Teamwork at the Heart of Award Winning Care Path
March 12, 2013
Esophageal cancer patients endure a long and arduous road to recovery that often includes surgery and other cancer treatments, an extended hospital stay, tube feedings, difficulty with swallowing and months of missed work time.
"Esophageal cancer is not a disease that a single specialty, no matter how accomplished, can treat effectively," says Cherie Erkmen, MD, a thoracic surgeon at Dartmouth-Hitchcock (D-H) who cares for these patients. "It requires a multidisciplinary approach, involving a large number of clinical disciplines and services."
Two years ago when Erkmen agreed to lead a project to develop a better "care path" for esophageal cancer patients, she focused on making it as patient-centered and as inclusive as possible. "A care path defines all of the steps of care that patients experience as they flow through our system, using the best evidence available to support the steps taken," she explains. "The goal is to improve both quality and efficiency of care over time."
During the course of the project, Erkmen met every two weeks with groups representing a total of 12 different disciplines. "We included everyone who interacts with esophageal cancer patients and asked, ‘What's the optimal scenario for you?' and then, ‘What are the barriers to providing that optimal care?'" she says. "In the process, they came to understand what was ideal from my perspective. We carried that same investigative type process to each step of care and worked together to make improvements."
The work was incredibly detailed, but never tedious. "The issues presented by the intake secretaries and administrative staff were the first we took on, and once we gained momentum and people could see how well it was working they got really excited about participating," says Wendy Oliver, a secretary in Thoracic Oncology, who stayed on to provide valuable input at several stages of the project.
One key result of their efforts, says Oliver, was improved coordination between diagnostic staff and the many providers who see patients in clinic—making patients' visits more productive while reducing the need for them to make multiple trips to D-H. Another was a comprehensive patient resource binder developed by project team members to help educate and support patients and families through their journey. Erkmen also organized a patient reunion last September, providing a chance for those in recovery to meet and visit. Clinicians and staff were also invited, and many appreciated being able to see patients who were "back to life" and doing well.
"All serve as examples of how thoughtful and patient-centered Dr. Erkmen's approach has been," says Linda Mason, MSW, a licensed clinical social worker and continuing care coordinator who participated in the project. "She really does see us as a team, and that each person has something to bring and to offer to the patient and to one another. There was a strong feeling of collegiality that has stayed with us as we carry the care path work forward."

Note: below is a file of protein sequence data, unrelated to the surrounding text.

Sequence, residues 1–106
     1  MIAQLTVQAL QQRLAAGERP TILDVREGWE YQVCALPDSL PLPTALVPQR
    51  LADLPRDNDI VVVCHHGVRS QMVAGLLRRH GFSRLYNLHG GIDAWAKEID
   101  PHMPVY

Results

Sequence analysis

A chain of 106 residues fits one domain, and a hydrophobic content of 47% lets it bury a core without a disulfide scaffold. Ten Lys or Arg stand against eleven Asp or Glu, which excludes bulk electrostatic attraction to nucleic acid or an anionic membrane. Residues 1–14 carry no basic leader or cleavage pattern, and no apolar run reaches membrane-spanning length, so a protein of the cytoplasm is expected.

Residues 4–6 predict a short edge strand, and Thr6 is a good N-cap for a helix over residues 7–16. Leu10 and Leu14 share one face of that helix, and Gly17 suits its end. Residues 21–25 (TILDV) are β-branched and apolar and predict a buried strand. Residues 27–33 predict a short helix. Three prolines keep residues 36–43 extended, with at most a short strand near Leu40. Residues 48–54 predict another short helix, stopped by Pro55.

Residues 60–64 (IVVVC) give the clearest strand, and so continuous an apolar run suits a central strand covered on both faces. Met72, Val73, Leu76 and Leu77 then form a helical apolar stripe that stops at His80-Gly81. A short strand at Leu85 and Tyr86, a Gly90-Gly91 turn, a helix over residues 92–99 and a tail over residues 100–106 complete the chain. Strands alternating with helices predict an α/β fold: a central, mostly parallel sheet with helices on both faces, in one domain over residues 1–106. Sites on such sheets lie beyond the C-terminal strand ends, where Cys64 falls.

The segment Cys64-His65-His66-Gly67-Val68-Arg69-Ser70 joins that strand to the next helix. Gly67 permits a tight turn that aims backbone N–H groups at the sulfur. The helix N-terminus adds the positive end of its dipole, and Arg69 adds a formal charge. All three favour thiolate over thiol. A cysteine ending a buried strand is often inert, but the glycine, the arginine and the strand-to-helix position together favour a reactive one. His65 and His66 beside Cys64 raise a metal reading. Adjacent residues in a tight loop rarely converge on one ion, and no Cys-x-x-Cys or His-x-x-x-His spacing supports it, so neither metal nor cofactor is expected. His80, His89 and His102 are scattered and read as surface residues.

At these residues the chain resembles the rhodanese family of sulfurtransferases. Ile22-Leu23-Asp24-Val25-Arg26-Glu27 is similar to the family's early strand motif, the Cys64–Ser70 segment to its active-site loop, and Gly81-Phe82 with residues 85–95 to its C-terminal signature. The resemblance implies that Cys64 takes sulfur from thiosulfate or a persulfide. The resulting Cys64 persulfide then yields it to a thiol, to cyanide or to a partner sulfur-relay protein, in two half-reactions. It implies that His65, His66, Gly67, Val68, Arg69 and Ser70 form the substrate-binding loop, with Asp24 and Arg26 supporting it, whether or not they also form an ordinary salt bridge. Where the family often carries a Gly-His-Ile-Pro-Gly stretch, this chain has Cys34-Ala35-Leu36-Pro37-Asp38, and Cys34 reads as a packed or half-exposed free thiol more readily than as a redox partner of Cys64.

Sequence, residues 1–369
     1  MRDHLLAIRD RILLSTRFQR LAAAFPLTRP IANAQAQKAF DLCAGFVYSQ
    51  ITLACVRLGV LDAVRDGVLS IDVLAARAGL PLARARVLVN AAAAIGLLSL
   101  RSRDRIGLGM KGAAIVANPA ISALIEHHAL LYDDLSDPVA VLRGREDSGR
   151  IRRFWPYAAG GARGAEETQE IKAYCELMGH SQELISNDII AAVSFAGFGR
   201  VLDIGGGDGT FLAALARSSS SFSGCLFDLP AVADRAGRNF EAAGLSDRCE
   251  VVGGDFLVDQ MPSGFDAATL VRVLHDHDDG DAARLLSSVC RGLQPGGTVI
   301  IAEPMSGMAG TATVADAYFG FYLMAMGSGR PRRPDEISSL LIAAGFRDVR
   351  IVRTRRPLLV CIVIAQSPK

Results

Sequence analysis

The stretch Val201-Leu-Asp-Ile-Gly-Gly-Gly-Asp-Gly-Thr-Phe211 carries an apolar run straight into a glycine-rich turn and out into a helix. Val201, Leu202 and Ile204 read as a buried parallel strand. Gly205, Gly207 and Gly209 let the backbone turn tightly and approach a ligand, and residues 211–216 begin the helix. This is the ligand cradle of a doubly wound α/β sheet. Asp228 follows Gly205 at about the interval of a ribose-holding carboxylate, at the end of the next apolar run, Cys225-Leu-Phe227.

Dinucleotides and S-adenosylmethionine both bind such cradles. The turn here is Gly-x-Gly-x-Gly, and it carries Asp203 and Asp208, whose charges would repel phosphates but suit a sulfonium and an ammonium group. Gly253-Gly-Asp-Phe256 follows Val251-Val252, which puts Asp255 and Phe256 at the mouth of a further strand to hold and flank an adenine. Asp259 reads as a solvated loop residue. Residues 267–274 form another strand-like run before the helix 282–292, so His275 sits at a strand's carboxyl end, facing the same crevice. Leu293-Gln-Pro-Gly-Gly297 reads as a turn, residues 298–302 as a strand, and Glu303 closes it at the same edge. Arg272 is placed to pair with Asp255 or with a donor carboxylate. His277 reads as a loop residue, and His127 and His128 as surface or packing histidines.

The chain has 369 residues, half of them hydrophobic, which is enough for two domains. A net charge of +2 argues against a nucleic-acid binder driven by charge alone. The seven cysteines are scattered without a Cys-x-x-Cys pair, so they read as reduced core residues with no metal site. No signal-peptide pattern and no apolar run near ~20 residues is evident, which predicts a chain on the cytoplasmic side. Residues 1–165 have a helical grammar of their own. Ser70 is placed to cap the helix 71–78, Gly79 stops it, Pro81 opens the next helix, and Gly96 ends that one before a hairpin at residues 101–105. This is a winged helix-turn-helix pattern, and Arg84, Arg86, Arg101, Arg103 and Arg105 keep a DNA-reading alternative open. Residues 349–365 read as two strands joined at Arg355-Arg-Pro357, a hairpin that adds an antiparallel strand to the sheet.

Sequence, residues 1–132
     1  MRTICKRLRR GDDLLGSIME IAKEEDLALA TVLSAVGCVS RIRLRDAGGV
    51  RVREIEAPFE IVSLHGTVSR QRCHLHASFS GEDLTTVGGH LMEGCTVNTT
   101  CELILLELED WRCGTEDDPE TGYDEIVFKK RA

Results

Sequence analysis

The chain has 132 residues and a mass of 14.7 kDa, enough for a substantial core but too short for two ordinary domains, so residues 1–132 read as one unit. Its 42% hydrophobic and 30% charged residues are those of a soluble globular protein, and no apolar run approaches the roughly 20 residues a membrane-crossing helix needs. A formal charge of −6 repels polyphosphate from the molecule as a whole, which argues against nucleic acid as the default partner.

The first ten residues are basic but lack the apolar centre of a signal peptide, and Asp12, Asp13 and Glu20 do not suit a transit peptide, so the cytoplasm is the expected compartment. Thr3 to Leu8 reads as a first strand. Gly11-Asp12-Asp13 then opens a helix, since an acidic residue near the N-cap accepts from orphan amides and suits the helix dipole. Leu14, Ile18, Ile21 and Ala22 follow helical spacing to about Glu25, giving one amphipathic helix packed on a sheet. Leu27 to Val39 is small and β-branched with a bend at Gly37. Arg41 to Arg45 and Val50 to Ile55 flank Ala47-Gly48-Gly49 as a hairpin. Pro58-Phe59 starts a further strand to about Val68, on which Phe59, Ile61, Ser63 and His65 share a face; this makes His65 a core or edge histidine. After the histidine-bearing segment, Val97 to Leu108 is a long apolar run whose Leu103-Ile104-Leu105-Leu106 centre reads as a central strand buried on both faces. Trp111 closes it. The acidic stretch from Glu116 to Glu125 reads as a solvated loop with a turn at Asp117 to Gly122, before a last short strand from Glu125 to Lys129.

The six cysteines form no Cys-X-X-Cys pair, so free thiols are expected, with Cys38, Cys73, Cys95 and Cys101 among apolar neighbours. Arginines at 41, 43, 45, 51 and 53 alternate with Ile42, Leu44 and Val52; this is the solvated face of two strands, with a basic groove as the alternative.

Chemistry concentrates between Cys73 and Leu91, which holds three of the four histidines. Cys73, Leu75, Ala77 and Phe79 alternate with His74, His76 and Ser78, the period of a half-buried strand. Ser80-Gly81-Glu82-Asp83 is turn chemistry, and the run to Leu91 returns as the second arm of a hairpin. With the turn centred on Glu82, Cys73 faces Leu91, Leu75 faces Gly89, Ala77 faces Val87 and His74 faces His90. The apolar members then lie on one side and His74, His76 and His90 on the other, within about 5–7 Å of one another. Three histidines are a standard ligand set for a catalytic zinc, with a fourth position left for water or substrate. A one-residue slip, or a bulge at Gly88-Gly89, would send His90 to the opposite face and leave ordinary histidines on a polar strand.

Project team member Betsy Maislen, APRN, a nurse practitioner and certified tobacco treatment specialist, agrees. "I have to commend Dr. Erkmen for her outstanding leadership," says Maislen. "Not just for her ability to pull so many people from different areas together, but in making each team member feel like what they do is valuable."
A few months ago, at the Department of Surgery's second annual Care Path Award event, Dr. Erkmen and her colleagues were rewarded for their efforts, earning $25,000. She is using the money to establish a patient support network and to develop additional patient education materials. "I'm thrilled that people took such interest in and also such ownership of their parts of the care path project," Erkmen says. "What we accomplished was far more than what I could have ever thought of on my own."
Dartmouth-Hitchcock is a national leader in patient-centered health care and building a sustainable health system. Founded in 1893, the system includes New Hampshire's only Level 1 trauma center and its only air ambulance service, as well as the Norris Cotton Cancer Center, one of only 41 National Cancer Institute-designated Comprehensive Cancer Centers in the nation, and the Children's Hospital at Dartmouth-Hitchcock, the state's only Children's Hospital Association-approved, comprehensive, full-service children's hospital. As an academic medical center, Dartmouth-Hitchcock provides access to nearly 1,000 primary care doctors and specialists in almost every area of medicine, as well as world-class research at the Audrey and Theodor Geisel School of Medicine at Dartmouth.